So how come has all this come about?  Well, it might sound a bit tree hugging, but I’m sure there is a vibe of change in the air.  I was too late to get involved in *** Josie’s (a well known mummy bloggerwriting workshop about change last week, but there seems to be a lot of it about.  It’s the jewish new year, and schools always start at this time of the year, so maybe we are all programmed to be thinking about it around now.  There are days when it feels exciting, and others when it feels very scary, and almost like I’m grieving for something being over.  I cried buckets on the last night of big brother, and when curly headed boy started school, but in a way they were just opportunities for a few tears to do with something deeper.  As my mentor says ‘the greatest transformation happens at the border of order and chaos’, i.e. nothing gets changed without some discomfort!  So onwards and upwards, one step at a time, is my motto at the moment.

Is life changing for you too, or is it just those of us in the mid-life crisis?

** I am now an affiliate of jigsawbox as well; of course, because I think it is fab, I want to share it with other coaches/therapist/trainers out there.  If you decide you like it after hearing from me, feel free to email me for more info, and I’d really appreciate you using my affiliate link.  I haven’t found anything else that even matches it a little, it has been going for over a year, so the kinks have been sorted out, and there is tonnes of support.

*** Josie is one of the 3 mummy bloggers who recently went to bangladesh with Save the Children, and have started a Press for Change campaign to push Nick Clegg to commit to making the huge rates of child mortality in third world countries a thing of the past.

Handing Your Child Over To Strangers

It’s against everything we’ve ever been told not to do, and everything that a Mother feels is right.  But there we all are, handing our children over to someone we’ve hardly met.

The only reason I have met Curly Headed Boy’s new primary school teacher is because her son was at his nursery in a younger class, but it’s only been a fleeting ‘hello’.  We have no idea what they do all day, apart from the fact that we have provided them with a packed lunch and snack (no hot dinners available, because the council won’t let them build a dining room, arrrgh!).  So far, there is no class list and no time table.  There was a letter inviting us to a 30min meeting next week, where I assume that some of this will be dealt with, and an evening get-together the week after (very difficult to go to when you have a young baby).  So we are meant to be patient parents and wait.  I suspect that if we ask beforehand, we will be considered ‘one of those parents’, and labelled as difficult.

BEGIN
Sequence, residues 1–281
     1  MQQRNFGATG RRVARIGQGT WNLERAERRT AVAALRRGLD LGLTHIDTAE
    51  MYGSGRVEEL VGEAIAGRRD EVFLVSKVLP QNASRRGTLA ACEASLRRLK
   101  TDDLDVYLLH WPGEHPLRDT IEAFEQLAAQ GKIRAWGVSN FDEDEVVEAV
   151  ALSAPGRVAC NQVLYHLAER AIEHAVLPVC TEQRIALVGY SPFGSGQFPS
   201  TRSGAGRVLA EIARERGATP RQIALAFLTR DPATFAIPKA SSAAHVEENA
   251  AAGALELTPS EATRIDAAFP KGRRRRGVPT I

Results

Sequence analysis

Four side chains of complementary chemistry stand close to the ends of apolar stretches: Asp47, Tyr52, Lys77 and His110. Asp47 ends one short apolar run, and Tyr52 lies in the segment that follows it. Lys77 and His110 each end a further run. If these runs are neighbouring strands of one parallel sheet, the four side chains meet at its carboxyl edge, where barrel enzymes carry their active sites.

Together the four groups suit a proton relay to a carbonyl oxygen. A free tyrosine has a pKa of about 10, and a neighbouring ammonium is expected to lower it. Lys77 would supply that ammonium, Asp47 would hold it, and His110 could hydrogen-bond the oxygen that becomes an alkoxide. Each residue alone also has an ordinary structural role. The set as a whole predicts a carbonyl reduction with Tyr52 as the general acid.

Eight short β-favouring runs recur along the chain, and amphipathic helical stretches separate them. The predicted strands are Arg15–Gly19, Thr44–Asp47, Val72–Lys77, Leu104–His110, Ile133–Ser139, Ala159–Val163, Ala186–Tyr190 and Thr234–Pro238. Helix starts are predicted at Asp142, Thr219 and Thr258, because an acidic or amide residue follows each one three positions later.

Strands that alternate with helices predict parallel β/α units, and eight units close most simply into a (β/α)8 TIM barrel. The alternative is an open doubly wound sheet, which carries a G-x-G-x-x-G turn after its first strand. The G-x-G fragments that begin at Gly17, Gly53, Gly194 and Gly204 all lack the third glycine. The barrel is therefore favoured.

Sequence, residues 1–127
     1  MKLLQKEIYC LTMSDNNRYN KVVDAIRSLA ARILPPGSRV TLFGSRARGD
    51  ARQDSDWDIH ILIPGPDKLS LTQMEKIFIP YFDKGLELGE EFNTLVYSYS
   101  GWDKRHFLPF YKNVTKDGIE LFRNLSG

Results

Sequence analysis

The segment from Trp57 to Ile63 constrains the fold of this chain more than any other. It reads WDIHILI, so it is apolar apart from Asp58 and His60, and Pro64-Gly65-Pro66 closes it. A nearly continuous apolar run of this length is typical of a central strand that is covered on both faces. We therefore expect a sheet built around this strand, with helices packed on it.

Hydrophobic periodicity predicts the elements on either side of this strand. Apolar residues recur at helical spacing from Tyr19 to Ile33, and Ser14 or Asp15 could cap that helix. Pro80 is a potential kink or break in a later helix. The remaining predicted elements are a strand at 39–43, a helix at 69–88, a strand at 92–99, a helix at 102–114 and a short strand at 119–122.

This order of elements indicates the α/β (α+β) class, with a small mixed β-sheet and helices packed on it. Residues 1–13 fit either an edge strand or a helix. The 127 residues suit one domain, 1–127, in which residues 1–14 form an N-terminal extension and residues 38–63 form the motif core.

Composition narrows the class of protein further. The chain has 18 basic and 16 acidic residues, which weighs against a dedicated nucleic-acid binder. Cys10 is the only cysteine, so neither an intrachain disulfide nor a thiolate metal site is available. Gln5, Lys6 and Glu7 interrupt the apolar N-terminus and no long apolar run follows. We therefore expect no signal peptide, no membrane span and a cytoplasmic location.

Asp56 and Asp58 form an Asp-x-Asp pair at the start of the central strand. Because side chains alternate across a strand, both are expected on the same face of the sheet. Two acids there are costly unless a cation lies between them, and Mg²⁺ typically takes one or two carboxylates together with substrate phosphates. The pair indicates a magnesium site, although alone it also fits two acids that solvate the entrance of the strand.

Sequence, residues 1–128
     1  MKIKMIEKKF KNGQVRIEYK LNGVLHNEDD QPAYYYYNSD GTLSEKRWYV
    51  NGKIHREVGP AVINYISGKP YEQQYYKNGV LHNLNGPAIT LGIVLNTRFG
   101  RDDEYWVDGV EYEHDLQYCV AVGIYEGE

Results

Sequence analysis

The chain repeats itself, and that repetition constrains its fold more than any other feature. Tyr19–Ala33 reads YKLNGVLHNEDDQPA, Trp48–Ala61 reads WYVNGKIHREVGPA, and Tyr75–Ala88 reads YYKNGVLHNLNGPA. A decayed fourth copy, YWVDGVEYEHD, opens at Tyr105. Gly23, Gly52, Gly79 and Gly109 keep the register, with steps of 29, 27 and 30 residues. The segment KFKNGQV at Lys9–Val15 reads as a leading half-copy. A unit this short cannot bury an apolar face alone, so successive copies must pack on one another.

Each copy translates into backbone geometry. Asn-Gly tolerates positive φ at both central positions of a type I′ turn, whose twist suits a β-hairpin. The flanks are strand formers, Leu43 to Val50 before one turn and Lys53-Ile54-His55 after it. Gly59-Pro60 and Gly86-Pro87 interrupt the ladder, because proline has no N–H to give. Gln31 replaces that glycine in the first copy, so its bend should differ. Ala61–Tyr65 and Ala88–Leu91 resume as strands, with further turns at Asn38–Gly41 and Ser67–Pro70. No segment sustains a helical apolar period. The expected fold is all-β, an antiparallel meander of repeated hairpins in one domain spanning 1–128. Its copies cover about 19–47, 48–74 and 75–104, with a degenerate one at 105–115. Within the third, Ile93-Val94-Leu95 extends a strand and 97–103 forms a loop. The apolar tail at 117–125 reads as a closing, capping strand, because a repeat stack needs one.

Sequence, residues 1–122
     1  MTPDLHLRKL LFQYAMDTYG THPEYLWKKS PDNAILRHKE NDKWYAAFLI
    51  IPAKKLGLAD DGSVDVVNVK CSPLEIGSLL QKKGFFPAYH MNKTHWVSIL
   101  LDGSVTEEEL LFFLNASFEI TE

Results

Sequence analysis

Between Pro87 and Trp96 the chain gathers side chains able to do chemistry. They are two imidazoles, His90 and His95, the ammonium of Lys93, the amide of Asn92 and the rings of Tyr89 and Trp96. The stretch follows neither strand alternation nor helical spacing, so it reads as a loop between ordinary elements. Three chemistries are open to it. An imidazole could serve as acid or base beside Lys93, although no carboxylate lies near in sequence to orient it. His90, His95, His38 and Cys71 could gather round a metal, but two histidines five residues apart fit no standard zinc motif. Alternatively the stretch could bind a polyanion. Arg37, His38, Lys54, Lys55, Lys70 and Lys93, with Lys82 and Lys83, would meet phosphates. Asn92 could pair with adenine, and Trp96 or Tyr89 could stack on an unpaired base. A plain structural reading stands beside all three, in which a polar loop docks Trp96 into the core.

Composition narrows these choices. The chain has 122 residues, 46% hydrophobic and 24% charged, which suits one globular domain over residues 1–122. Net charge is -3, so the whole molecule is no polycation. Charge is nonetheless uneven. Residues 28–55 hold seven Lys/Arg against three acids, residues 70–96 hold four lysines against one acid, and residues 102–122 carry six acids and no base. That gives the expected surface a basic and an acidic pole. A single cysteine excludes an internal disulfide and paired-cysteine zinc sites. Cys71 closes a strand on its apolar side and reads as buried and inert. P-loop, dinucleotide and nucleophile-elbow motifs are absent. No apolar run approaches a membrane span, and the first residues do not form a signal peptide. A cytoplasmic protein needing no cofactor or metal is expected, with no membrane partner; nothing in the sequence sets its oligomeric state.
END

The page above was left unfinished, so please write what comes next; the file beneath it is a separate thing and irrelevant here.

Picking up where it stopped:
But seriously, where is the respect?  For us as parents, handing over our kids, and for our kids?  Yesterday, in the distance I saw the last child literally being picked up screaming and kicking by a teacher and dragged into class.  I so felt for his Mum, it made me want to cry, god knows what she felt like.  Surely it doesn’t have to be like that with a little more forethought?  No one likes walking into a situation where they don’t know what the hell is going on.  I have no idea whether curly headed boy will end up academically bright, but I am a bit freaky in that I talk to him like a normal human being, so he is used to being told what’s going on and being treated like someone with some rights (not too many of course!!).

Now I see why I was so upset the other day, this school is not matching my values at the moment.  However, then realism sets in.  The whole process of finding a school last year was a nightmare, and in the end he might not have ended up at the one I would have picked that was less traditional, he is very happy to be walking in with so many friends.  Thank god for that, as curly headed boy has 3 mates in his class and I reckon another 10 in the other 2 classes.  Friends are extremely high on his priorities, so this is definitely better than one of the private options I looked at, and both potential state options (our state schools locally are bad, so as we had a choice, we chose not to go for them).

So, I’ll suck it up, wait patiently until next week, and then if by then I don’t have more information I’ll kick off.  But at some point, I think it is only fair to mention that if other schools managed to send out class lists in the summer holidays so that kids could meet, and they are already getting ‘parent mail’ by text/email, then clearly this school is not showing that it values keeping us in the loop or reducing the anxiety of the kids.  They need to be aware of the fact that they compete heavily with a local boys school that doesn’t take kids until next year.  I have NEVER considered it as an option before, but today I’m wondering whether it might not hurt to go and have a look.  In this time of recession it is wise for all of us to remember to consider how our clients/customers feel and reconsider a position of arrogance/strength that could easily disappear.  More updates next week, arggh!

Your Kids Are All As Great As Each Other